Jeff & Linda's Kitchen of Diversity
The Miracle of Soy
Up until now, we have focused the blog on ethnic vegetarian cuisines and how these are intimately linked to the physical and ecological environment and human history of their respective regions. This month we're going to take a different tack. As mentioned in our introductory blog entry, in an effort to keep the industrial-agricultural complex as far away from our kitchen as possible, we are also passionate about making as much of our own foodstuffs as we can. Our food interests thus have a strong Do It Yourself streak, whether it be making our own stocks or sausage, baking our own bread, fermenting our own sauerkraut, or putting up as much of our garden's harvest as possible as various canned goods. Given the prominence that tofu and miso played in last month's Japanese recipes, we're going to focus this month on a set of DIY projects related to making these and other soyfoods in your own kitchen.
The soybean (Glycine max) is the most recently domesticated of our major legume crops, dating back only 3100 years ago to northeastern China and Manchuria. This crop contains some of the highest protein levels for any vegetable (about 35% by weight) and produces 20 times more protein per acre than the amount of animal products generated by the same area of forage. It is thus not surprising that by 2000 years ago in mainland China and 1000 years ago in Japan, soy had become one of the dominant protein sources.
There is a major problem with eating soy, however: first, it is especially difficult for the human stomach to digest, and is well known to be among the most gas-generating legumes due to high levels of oligosaccharides. Jeff is particularly sensitive to this aspect of soy, and can vividly remember being incapacitated and rolling around on the floor with severe stomach cramps for at least two hours from eating only a handful of dry honey-roasted soybeans. It is not something that he ever plans on doing again. Second, soy also contains a compound which restricts the activity of the trypsin enzyme in digesting proteins. As a result the high protein levels in soy are not available to us and will simply pass through our gut unless 80% or more of this compound is broken down.
Even though the use of cooked soybeans was commonplace in US vegetarian cooking up through the mid-1970s, these two issues quickly made people realize that there were better legumes to directly eat, and the use of soybeans in the kitchen generally fell by the wayside.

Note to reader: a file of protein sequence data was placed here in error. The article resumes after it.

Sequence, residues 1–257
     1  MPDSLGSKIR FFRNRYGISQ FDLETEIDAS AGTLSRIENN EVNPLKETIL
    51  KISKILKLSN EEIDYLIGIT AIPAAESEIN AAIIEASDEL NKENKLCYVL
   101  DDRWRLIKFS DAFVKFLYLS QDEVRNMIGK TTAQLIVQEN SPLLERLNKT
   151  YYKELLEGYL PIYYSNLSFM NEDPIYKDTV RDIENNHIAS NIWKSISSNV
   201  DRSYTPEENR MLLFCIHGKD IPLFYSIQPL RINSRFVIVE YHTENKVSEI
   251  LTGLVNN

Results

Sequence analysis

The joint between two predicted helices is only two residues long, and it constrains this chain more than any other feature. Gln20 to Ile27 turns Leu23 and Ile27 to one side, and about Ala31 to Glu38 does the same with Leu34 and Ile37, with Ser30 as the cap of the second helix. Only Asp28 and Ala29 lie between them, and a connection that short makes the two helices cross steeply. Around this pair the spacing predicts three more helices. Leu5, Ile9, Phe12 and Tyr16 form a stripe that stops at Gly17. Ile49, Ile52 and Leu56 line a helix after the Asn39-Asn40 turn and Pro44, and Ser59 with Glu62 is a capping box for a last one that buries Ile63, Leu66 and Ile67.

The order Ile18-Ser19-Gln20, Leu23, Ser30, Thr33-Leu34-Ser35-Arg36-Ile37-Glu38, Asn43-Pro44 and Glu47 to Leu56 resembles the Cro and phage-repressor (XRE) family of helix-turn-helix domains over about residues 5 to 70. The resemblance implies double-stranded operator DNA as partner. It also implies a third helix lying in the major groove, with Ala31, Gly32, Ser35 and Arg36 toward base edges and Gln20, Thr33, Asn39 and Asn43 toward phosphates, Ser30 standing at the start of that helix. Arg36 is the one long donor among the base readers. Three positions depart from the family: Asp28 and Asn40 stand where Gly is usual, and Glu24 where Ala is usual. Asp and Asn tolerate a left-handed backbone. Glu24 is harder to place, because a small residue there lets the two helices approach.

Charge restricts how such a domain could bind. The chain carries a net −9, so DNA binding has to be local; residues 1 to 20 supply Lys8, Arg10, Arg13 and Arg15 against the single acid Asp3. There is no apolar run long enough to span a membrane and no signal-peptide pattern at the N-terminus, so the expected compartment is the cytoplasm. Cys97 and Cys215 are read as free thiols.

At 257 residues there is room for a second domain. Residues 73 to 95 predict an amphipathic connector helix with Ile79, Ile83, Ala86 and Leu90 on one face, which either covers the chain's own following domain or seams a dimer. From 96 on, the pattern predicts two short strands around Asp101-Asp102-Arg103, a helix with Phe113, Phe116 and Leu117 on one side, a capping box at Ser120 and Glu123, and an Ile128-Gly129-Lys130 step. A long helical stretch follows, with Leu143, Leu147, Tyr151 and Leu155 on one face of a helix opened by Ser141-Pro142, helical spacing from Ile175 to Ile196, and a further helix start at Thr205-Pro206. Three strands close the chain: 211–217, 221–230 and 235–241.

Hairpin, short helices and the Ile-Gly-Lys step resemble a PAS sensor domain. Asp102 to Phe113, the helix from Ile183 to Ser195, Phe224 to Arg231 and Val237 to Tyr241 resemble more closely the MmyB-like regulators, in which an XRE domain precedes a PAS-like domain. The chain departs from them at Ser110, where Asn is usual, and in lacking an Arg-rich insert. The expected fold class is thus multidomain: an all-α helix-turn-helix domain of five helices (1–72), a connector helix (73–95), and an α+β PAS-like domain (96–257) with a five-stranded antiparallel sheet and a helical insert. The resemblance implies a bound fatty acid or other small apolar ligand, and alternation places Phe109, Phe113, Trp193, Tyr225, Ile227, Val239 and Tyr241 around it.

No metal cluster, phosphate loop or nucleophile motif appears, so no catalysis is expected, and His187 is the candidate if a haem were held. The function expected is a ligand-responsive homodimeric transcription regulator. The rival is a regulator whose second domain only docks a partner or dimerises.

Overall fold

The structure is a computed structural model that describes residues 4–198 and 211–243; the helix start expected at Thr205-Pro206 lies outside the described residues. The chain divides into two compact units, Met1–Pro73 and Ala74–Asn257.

The problem, though, was not soy itself but rather our lack of awareness of how other cultures had unlocked its nutritive value. In conjunction with domestication, the peoples of eastern Asia developed ingenious ways of removing or breaking down the offending oligosaccharides and trypsin inhibitor to make soy's protein easily available.
We are going to discuss three principle approaches for doing this. First, we'll consider a chemical approach: by grinding soaked soybeans, mixing in water, and then cooking and straining this gruel, it is possible to extract 80% of the protein through the creation of soy milk. The proteins in this milk can then be precipitated though the addition of certain natural chemicals, and when these curds are strained and pressed, tofu is created. This product turns out to be one of the most digestible forms of protein, as the offending compounds have been deactivated, destroyed, or removed.
Second, with tempeh we'll look at a way to make soy digestible via rapid fermentation. In this product, partially cooked soybeans are inoculated with spores from the fungus Rhizopus oligosporus and incubated for about 24 hours. Because of fungal activity, the resulting bean cake is easily digestible and high in not only proteins but also various B-Vitamins.
Last, we'll show with miso – one of the principle flavorings in Japanese cuisine - how to make soy digestible through a slow (2-month to 3-year or longer), complex, two-stage fermentation based on the fungus Aspergillus oryzae and a host of lactic-acid generating bacteria. This is the most involved process that we'll discuss, but is still easily accomplished in your kitchen and back room.
As long as you have some specialized equipment on hand (a food grinder, a tofu press, a food steamer, a food thermometer, and a thermostat-controlled incubator) we have found that these three processes are all easily done in your own kitchen at a fraction of the cost of store-bought products. And, we are never ceased to be amazed at how much food we can create from so little starting product: only 4 cups of dried soybeans (about 1½ pounds) turns into 6 pounds of high protein, easily digestible, low fat, healthy food (2 lbs of tofu and 4 pounds of tempeh). We are even able to use the leftover whey as a soap and bath treatment. Nothing from these beans is allowed to go to waste. For us this is a process reminiscent of a loaves-and-fishes miracle.
We will be relying heavily throughout this month on three books by William Shurtleff and Akiko Aoyagi of the SoyInfo Center: The Book of Tofu, The Book of Miso, and The Book of Tempeh. These are encyclopedic treatments on making and cooking these three soyfoods, and are literally the last word about each. All we can do here is briefly summarize the information presented in detail in these books. We cannot recommend strongly enough that if you find the following entries of interest you track down and purchase your own copies. Unfortunately, all three are now out of print, but on-line versions are available from the Soyfoods Center website, and second-hand copies are available via the internet. Also, we were initially inspired to try and make our own tempeh and miso from Wild Fermentation by Sandor Katz. This book still is in press and is also a good and useful read.